The FDA, upon completion of a review of the safety of HES products (including data from randomized clinical trials, meta-analyses, and observational studies) requests that the Boxed Warning highlight the risk of mortality, kidney injury, and excess bleeding, as well as stating that HES products should not be used unless adequate alternative treatment is unavailable.[46]

Microangiopathic haemolytic anaemias

Haemolytic uraemic syndrome, disseminated intravascular coagulation (DIC), and thrombotic thrombocytopenic purpura (TTP) produce life-threatening rapid haemolysis.[27][28][30]

Treatment of DIC is aimed at the underlying cause. Corticosteroids and immunosuppression should be commenced if haemolytic uraemic syndrome or TTP is suspected. Intravenous immunoglobulins or urgent plasmapheresis may be necessary for rapid clearance of autoantibodies. Antibody screening should be done prior to blood transfusion. Antibody-free blood products should be used to prevent additional alloimmune haemolysis.

Malignant hypertension

Patients with malignant hypertension may have microangiopathic haemolytic anaemia. The most common symptoms include headaches (often occipital), visual disturbances, chest pain, dyspnoea, and neurological deficits. Systolic BP >210 mmHg and diastolic BP >130 mmHg indicate malignant hypertension; associated signs may include new murmurs, third heart sound on auscultation of the heart, jugular venous distension, rales or lower-extremity oedema, oliguria or polyuria, focal neurological signs, and hypertensive retinopathy.

The initial goal of therapy in hypertensive emergencies is to reduce mean arterial blood pressure by no more than 25% (within minutes to 1 hour), then, if stable, to 160/100 to 110 mmHg within the next 2 to 6 hours. Labetalol is the agent of choice.

Sickle cell vaso-occlusive crisis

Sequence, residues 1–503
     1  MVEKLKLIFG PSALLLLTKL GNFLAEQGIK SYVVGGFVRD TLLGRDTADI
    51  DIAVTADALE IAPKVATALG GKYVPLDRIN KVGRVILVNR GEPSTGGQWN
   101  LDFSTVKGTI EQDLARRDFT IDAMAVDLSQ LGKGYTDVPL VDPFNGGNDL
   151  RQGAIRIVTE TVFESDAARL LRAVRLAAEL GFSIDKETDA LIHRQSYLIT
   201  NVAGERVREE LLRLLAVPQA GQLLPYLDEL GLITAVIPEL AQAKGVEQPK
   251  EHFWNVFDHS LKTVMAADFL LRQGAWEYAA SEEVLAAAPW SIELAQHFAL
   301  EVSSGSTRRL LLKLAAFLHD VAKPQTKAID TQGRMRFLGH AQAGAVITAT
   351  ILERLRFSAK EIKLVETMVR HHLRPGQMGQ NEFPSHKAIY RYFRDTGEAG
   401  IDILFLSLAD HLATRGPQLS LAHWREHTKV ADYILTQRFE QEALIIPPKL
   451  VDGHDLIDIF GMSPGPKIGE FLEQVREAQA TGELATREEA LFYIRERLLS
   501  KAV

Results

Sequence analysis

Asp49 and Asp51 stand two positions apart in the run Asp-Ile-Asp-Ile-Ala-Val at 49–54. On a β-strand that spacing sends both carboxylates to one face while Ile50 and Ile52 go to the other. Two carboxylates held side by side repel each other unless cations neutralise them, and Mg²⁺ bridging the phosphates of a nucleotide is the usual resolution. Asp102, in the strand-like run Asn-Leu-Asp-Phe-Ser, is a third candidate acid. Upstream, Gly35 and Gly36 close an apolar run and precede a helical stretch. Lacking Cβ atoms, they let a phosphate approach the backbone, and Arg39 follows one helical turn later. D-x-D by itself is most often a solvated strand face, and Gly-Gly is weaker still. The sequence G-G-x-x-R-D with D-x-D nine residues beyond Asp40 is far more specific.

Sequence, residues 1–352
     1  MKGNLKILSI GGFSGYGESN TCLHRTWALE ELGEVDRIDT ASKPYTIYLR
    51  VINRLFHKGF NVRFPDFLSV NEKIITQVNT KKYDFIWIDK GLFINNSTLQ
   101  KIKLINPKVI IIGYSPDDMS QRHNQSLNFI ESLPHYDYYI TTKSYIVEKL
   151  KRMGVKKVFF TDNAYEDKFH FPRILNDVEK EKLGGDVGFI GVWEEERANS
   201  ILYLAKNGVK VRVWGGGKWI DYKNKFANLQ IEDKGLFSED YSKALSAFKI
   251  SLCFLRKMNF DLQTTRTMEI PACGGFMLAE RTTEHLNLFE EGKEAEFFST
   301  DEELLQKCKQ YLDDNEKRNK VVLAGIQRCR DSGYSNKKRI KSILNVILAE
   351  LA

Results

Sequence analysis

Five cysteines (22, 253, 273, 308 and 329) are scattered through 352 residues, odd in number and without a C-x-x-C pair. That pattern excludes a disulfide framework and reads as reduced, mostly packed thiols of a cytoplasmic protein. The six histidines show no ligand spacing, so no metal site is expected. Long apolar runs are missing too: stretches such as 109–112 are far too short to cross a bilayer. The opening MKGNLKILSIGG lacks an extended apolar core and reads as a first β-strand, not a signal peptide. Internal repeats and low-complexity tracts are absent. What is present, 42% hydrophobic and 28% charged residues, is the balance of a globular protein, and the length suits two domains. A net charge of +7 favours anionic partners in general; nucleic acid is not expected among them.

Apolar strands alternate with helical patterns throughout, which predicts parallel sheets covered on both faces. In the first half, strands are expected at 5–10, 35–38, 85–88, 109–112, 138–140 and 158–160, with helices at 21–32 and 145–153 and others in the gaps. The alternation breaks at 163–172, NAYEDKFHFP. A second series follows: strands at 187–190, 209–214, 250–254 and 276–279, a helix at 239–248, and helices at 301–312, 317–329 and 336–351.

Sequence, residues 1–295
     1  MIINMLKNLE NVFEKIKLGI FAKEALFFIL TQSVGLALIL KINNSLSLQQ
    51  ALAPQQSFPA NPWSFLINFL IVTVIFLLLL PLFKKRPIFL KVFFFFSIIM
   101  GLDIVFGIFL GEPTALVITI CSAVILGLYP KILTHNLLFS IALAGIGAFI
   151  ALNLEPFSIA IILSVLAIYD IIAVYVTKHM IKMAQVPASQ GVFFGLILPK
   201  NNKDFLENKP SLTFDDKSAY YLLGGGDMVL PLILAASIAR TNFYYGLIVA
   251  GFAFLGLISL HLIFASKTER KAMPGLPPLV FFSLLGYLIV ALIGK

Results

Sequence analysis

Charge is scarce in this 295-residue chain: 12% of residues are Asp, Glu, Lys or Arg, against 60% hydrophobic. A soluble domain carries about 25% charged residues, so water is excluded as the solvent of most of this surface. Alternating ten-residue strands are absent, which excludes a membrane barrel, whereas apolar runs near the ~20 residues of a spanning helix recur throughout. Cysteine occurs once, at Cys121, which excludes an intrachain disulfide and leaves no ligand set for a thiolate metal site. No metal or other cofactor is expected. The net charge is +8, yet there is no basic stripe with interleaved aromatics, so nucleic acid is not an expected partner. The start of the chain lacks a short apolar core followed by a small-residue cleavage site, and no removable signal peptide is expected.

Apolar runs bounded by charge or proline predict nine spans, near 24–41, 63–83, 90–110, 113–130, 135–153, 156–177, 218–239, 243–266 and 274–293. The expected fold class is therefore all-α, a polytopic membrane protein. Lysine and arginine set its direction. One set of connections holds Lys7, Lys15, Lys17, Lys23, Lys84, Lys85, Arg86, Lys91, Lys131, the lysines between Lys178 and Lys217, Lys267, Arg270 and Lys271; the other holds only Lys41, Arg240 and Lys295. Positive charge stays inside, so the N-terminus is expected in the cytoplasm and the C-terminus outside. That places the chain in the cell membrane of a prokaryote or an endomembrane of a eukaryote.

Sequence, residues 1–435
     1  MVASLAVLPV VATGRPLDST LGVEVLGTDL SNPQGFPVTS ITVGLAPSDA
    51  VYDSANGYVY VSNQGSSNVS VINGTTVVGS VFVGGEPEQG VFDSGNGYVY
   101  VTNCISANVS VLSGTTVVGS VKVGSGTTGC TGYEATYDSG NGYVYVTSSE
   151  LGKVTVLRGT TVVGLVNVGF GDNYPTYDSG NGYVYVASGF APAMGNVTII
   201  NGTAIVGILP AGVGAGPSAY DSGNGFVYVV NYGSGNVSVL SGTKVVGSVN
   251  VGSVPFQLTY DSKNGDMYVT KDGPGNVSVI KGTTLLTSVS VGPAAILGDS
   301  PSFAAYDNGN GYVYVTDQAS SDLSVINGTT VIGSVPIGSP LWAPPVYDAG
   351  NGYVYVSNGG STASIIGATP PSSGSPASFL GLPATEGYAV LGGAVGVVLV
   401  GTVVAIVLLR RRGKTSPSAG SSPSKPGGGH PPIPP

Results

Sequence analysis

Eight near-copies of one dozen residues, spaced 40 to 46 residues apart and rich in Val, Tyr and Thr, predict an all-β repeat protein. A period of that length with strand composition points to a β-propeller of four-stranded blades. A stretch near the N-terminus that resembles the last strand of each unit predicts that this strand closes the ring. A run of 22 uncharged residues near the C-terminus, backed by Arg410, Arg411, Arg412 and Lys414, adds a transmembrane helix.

This is a common complication of sickle cell anaemia, which presents with severe pain precipitated by cold, dehydration, infection, or ischaemia (often due to strenuous exercise). The crisis may give rise to skeletal pain due to bone infarction or avascular necrosis, especially of the hip or shoulder. Other presentations include acute abdominal pain and acute chest syndrome, which is clinically indistinguishable from pneumonia.

Treatment involves adequate analgesia, hydration with oral or intravenous fluids, oxygen, and treatment of the underlying cause.

Combined vitamin B12 and folate deficiency

If a patient has folate deficiency, it is essential to check for and correct any co-existing vitamin B12 deficiency before giving folate. Folate is believed to exacerbate inhibition of vitamin B12-containing enzymes, thereby worsening vitamin B12-associated neuropathy and subacute combined degeneration of the spinal cord.[47]

Leukaemias or aplastic anaemia

Usually present with a normocytic anaemia and co-existing neutropenia and thrombocytopenia. Signs of leukaemia include generalised painless lymphadenopathy, ecchymoses, petechiae, hepatosplenomegaly and abdominal or testicular masses. Circulating blasts may be reported on peripheral smear.

If these conditions are suspected, an immediate haematology consultation is required for bone marrow biopsy and flow cytometry studies. If the anaemia requires transfusion, only leuko-reduced, irradiated blood products should be used, as these patients may be transplant candidates.[19][48]

Decreased physiological reserve

It is important to identify patients with decreased physiological reserve, such as those with co-existing cardiovascular or pulmonary disease, as these patients are less able to tolerate anaemia and have more severe symptoms.